On really hectic work days, and this happens a lot with me, girl friends pinging me asking when can we go out. Ones I have not met in a long time. And we always promise each other a long Sunday brunch, long enough to catch up on lost times and recuperate from work at the same time. Somehow though, most of my plans end up as mere plans. This Sunday was different. I was asked by Sid to join him and a few friends, also bloggers, for a Sunday brunch at the Surajkund Claridges.
We decided to take a tour of the spread while we waited for the rest to join us. Unlike all other times when I fail to carry my camera, this time I remembered to carry my pink camera. The inviting sight of a whole leg of cured ham told me I was at the right place that afternoon – needless to say this salty flavourful piece of meat was the highlight of my meal.
I was also glad to see smoked salmon which I feel is quintessential for any brunch buffet if it has to interest me.The spread had individual salads with prawns, baby octopus, bits of tenderloin, a DIY salad counter, varieties of colourful sushi, basically an endless list of appetisers with freshly baked breads to match the delectable spread. I was also excited to see the pickled sardines, although with a notch up on acidity, and a couple of days longer of pickling would have been great.
As is always the case with me, by the time I worked my way through the appetizers, my appetite was giving up on me and I still had to try out some main course and dessert. I had a small dig at the junglee maas and quite liked its minimalistic flavours of goat meat cooked in bare minimum root spices, and chillies, lots of them. Very apt for the current chill in the air, plan to try it out at home pretty soon. The breads were fresh and impressive too.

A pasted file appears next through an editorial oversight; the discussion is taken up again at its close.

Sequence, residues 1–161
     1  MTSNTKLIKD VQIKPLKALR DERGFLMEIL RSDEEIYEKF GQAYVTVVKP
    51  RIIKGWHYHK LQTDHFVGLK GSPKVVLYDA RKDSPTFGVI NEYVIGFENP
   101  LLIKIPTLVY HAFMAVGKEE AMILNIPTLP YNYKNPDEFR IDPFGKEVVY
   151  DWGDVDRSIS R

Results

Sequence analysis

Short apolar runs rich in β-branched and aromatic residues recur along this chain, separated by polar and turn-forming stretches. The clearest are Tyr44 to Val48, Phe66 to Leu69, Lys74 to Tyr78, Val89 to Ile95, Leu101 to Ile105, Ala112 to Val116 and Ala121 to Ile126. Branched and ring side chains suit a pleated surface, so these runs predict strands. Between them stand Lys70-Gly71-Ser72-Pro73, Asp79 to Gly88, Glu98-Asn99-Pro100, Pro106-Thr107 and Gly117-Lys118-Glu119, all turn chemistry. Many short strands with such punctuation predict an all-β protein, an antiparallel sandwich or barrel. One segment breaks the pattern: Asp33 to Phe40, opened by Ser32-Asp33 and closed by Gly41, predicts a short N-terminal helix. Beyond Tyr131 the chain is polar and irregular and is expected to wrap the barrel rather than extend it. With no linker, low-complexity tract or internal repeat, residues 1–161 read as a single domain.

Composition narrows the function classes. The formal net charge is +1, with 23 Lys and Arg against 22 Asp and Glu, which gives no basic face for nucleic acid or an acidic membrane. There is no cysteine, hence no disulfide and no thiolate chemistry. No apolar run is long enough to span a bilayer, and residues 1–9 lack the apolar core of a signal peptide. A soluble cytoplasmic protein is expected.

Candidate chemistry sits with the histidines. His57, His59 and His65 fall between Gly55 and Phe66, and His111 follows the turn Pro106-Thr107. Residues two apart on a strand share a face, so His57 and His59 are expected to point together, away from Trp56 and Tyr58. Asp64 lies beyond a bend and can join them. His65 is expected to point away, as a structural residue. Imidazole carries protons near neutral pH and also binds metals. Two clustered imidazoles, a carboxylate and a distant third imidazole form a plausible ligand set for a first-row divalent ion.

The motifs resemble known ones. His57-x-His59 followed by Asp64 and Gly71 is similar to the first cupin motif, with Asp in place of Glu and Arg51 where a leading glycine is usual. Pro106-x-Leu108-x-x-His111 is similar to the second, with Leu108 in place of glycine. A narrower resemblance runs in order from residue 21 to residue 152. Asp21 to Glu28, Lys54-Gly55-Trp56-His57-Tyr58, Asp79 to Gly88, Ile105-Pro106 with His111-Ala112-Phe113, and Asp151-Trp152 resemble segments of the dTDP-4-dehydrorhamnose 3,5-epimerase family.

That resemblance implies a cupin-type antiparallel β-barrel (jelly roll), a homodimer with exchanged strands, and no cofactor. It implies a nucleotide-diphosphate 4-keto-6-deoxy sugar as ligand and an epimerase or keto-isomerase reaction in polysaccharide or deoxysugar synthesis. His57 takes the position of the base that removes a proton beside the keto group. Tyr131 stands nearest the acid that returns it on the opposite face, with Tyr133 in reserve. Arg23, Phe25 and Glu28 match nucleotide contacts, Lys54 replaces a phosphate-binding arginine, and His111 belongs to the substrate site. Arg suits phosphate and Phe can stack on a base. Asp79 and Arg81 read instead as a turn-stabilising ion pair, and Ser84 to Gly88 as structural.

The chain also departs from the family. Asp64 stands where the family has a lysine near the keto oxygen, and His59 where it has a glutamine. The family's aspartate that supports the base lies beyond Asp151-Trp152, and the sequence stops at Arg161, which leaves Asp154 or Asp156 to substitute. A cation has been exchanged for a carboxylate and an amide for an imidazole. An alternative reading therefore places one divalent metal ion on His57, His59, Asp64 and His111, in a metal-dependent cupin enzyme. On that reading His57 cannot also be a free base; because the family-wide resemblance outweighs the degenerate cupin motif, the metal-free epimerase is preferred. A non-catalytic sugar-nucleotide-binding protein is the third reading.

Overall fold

The dessert counter looked quite elaborate, and although I quite liked the walnut brownie, I didn’t care much for the rest of the stuff I tasted. But I must say that while there was the stereotypical cheesecake and chocolate mousse, they did dare to experiment with items such as white wine jelly – I liked the bold attempt and I sure hope they would improve upon their executions on this counter. They had kept a variety of Indian sweets that predictably went untouched, people are still hungover from Diwali sweet assault.
The real dessert for me though, was from one of the plated set ups that the Chef had laid down for us to photograph, at our insistence. Nonchalantly, we wrapped up bruschetta toppings comprising brie, grapes and roquette and polished them off awkwardly leaving the nude bread behind on the plate.
The models we ended up eating
We ordered some ‘hot beverages’ (as Sheldon Cooper would say) to end the meal. The black coffee was passe but the green tea was pretty good, served with pretty tiny bottles of Bonne Maman honey – aptly savored with homemade oatmeal cookies brought in generously by Mukta Verma.